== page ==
41 Standard Deviation  Smaller standard deviations indicate that students are more alike.  How might this impact instruction?  Larger standard deviations indicate more academic diversity.  How might this impact instruction? 41

42 Determining Instructional Content  Standards  Local curriculum documents  School improvement initiatives  Student academic needs  Triangulation of data Instructional Ladders Workbook p. 5 M 42

43 DesCartes, Primary Grades Instructional Data, and Standards  Placing students on the ladder  Diagnosing key skill deficiencies  Planning for differentiation  Moving students beyond grade-level standards Instructional Ladders Workbook pp. 5-7 M 43

44 Building Instructional Ladders Standard DesCartes or Primary Grades Instructional Data Concept 44

45 Concept  For a concept and its relevant standard, determine: What is it that all of my students know? What is it that most of my students know? What is it that a few of my students know? What is it that none of my students know? Instructional Ladders Workbook p. 8 M 45

46 Standard  The student will use the scientific process to answer questions: What is an experiment? How do you pose a hypothesis? How do you control for a variable? What is the difference between an independent and a dependent variable? Instructional Ladders Workbook p. 8 M 46

47 Standard and DesCartes  Geometry – Properties of two and three dimensional objects (points, rays, lines, and angles including congruency, similarities and transformations) : Identifies right angles : Identifies geometric transformations (rotations) : Understands meaning and representation of a dilation : Identifies symmetry of a sphere None : Identifies figures with line symmetrical parts All Instructional Ladders Workbook p. 8 M 47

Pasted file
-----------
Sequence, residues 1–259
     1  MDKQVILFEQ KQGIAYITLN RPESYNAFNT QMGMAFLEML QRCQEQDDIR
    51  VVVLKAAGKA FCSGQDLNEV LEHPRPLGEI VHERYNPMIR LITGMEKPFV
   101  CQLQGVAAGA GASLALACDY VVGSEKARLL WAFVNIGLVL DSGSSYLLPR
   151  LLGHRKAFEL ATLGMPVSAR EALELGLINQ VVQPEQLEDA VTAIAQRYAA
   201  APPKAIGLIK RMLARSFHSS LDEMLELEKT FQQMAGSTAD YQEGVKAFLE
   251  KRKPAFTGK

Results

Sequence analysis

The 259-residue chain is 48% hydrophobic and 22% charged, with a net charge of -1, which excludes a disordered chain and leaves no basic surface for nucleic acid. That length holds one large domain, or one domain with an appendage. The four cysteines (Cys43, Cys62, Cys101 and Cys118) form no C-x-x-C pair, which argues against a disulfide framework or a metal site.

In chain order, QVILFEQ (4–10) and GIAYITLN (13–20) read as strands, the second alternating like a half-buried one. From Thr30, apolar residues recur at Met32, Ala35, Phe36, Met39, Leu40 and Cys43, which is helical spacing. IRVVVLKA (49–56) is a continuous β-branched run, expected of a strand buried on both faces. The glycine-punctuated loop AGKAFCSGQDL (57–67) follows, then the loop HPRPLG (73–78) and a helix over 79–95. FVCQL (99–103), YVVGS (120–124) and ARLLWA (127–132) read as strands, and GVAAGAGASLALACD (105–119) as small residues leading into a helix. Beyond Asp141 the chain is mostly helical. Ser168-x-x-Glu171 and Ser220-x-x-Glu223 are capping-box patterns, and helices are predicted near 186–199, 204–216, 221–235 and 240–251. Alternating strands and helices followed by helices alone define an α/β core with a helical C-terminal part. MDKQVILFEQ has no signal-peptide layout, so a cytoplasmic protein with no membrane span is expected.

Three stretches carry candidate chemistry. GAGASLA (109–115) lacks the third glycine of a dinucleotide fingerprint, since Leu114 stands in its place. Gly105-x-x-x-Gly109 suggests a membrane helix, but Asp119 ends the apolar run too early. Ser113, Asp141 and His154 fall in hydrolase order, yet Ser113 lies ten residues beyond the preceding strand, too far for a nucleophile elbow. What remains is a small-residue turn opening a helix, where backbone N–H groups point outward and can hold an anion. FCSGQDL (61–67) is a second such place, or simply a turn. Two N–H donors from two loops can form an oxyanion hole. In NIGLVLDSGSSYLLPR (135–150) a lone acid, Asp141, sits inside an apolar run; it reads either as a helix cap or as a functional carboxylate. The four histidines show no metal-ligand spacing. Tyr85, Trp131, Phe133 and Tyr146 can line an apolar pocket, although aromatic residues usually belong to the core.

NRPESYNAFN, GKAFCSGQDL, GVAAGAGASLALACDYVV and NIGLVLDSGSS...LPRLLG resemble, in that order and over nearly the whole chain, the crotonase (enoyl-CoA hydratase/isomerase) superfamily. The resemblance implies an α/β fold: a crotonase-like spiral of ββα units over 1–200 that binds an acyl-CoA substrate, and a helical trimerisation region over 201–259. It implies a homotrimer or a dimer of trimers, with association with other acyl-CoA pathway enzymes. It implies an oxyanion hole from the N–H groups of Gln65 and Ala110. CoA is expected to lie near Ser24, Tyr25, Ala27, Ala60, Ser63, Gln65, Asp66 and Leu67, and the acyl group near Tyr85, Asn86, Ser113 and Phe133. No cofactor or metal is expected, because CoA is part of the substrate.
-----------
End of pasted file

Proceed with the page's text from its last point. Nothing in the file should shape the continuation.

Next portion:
48 Instructional Ladder Samples  Science  Mathematics  Reading  Social Studies  Thematic units Instructional Ladders Workbook p. 9 M A 48

49 Previewing the Instructional Ladder 3. Match skills/learning needs to content you will teach 2. Identify RIT bands/skill levels present in your class 1. Identify skill/standard/goal to be addressed in the lesson or unit R Instructional Ladders Workbook p. 9 M 49

50 Building the Instructional Ladder Standard Activity Group 3. Match RIT band to DesCartes statements or Primary Grades Instructional Data for that skill/standard/goal 2. Identify RIT bands present in class 1. Identify skill/standard/goal to be addressed in the lesson or unit A R M Building a Ladder packet pp

51 Building the Instructional Ladder Secondary Activity Group  Developing an Instructional Ladder  Select ladder which matches your content  Highlight RIT ranges that match your Class Breakdown by Goal or Teacher Report  Using Normative Data and State Proficiency Tables  Circle typical performance range  Make a square around state proficiency benchmark range A R M Building a Ladder Packet pp